Summer programs are one way to get out of the heat | ParkRecord.com

Summer programs are one way to get out of the heat

Dale Thompson, Of the Record staff

As the weather gets warmer Park City School District is gearing up for summer programs.

A final schedule of offerings will be available the first week of April. The tentative schedule includes a variety of programs for ages 3 and up with the majority of classes geared towards students ages 6 through 12.

The classes are open to any student, including those who do not reside in the Park City School District. The aim of classes is to give children an entertaining learning experience.

"We really try to make our programs fun and include something educational," said Judy Tukuafu, Director of Community Education for PCSD.

New classes this summer include a Jr. Chef School for younger students that are interested in learning to cook, a photography class, A "Harry" Week for all things Harry Potter, a "Rhythms of Life Camp" featuring drumming and African dance and a Repertory Dance Theatre workshop for teens.

An eclectic mix of classes is being offered to engage students over the summer.

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"In any given week we try to have a variety," Tukuafu said.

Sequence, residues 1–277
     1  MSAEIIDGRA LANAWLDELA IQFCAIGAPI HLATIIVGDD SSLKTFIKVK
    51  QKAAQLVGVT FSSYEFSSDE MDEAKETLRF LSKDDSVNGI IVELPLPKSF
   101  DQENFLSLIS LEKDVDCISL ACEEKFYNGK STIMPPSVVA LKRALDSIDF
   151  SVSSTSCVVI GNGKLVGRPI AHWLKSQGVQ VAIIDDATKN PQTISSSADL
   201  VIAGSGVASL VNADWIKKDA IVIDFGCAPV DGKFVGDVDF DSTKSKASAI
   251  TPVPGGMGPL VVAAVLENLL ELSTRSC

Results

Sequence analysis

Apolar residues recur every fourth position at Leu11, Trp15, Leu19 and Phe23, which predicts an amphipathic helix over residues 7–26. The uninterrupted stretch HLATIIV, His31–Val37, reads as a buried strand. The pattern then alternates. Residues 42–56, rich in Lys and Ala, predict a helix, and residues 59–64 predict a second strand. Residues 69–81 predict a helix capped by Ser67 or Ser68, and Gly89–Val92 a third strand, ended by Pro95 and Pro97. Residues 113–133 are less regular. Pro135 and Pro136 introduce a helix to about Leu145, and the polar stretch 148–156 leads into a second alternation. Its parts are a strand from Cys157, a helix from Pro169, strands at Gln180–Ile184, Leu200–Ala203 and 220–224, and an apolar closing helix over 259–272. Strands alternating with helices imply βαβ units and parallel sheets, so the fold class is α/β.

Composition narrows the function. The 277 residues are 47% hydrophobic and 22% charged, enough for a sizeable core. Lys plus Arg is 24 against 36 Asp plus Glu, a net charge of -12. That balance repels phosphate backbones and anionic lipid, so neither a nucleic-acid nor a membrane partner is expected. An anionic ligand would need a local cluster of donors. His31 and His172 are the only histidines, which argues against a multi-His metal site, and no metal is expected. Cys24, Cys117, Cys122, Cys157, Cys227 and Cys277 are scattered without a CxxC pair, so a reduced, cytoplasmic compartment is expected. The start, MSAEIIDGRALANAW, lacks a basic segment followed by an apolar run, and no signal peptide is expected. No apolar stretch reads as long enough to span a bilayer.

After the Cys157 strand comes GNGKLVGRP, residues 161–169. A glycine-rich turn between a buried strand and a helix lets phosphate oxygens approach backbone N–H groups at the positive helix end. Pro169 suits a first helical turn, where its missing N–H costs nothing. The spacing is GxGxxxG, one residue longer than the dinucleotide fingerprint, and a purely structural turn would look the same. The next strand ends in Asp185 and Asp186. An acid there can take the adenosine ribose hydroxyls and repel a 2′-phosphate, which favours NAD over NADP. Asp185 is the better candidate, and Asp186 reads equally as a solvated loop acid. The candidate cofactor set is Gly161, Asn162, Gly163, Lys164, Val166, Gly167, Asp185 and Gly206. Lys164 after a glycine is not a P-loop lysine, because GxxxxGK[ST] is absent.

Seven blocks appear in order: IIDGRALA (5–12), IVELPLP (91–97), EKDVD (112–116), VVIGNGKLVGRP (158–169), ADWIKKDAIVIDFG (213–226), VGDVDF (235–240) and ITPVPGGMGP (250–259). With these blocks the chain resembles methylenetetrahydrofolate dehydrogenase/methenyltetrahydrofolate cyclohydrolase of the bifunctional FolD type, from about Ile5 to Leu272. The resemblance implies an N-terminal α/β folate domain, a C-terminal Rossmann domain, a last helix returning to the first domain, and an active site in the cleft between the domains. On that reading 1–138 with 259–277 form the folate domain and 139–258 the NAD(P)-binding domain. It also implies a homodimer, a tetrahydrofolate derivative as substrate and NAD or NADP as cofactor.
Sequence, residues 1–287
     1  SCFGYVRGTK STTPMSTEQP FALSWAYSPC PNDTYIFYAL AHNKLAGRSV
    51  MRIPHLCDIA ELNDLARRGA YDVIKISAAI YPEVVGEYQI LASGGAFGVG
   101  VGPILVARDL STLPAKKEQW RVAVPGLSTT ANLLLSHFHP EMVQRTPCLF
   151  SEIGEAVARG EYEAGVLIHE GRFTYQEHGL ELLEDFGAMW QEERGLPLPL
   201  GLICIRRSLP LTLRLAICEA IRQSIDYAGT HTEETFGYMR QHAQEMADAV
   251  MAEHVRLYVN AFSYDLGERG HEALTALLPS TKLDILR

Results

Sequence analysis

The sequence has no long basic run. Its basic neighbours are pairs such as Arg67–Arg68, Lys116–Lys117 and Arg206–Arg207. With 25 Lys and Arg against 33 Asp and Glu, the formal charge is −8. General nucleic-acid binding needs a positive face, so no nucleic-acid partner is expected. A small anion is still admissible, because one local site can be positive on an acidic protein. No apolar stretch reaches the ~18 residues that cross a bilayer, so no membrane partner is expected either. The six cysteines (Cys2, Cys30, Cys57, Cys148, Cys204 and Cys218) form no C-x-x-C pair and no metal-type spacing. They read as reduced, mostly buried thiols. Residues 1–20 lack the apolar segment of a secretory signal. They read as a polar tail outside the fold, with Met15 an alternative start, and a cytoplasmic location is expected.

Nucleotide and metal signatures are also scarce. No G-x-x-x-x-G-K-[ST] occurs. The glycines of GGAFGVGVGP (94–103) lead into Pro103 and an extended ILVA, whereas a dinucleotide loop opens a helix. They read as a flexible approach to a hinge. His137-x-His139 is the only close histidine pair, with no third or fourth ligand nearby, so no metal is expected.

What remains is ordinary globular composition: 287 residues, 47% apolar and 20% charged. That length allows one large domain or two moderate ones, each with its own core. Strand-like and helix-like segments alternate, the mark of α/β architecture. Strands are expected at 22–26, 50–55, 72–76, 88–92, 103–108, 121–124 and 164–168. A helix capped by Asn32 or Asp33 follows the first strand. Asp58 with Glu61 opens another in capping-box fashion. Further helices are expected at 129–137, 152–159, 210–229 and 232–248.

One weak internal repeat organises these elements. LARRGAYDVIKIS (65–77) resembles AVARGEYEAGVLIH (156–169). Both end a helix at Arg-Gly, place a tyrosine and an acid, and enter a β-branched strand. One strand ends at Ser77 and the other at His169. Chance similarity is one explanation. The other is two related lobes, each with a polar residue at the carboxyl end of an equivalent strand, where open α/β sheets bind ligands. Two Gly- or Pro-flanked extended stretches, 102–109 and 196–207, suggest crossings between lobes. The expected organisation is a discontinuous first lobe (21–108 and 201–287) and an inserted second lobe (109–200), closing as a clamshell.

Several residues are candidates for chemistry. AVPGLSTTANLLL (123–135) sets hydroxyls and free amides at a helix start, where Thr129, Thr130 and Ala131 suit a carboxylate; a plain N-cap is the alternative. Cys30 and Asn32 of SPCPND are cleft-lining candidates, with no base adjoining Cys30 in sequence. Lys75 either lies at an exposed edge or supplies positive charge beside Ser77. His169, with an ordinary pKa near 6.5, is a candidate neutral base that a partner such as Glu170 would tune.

The Coordinator of After School Programs at Parley’s Park Elementary School, Cherie Goodliffe, will teach several of the summer classes this year.

"What we’re trying to do with our summer program is to provide reinforcement and enrichment for their academics," she said.

While the classes give them something productive to do they also develop creativity along with a new skill while participating in the classes.

Goodliffe will be teaching the Jr. Chef School where she hopes to combine cultural lessons with ethnic recipes.

"I’m going to try and give it an international flavor," she said.

The class incorporates math and art as students will learn to break down recipes and how to present food in a way that is aesthetically pleasing.

In "See Under the Sea" Goodliffe will introduce preschoolers to marine life while bringing art into the classroom.

"It’s going to be science, but I utilize different types of media. One day I might focus on sharks, and I have some really fun shark songs and we might make shark puppets," she said.

Goodliffe likes to integrate multiple disciplines into her instruction.

"It’s teaching the whole child, it’s not just focusing on one area of the child," she said adding that it fosters learning in a creative, social and well rounded program.

Other summer offerings include a puppet theatre, a dinosaur class and "Crime Solvers," taught by the Summit County Sheriffs’ Office that introduces students to investigative techniques.

Several art classes are being taught by highly qualified instructors.

"We have certified art teachers," Tukuafu said.

There will be an art camp, multimedia drawing, fantasy art for students who want to illustrate a world of mythical creatures and an animation class.

Many classes last for a week and the costs vary. Some, such as the reading clubs for elementary students are free.

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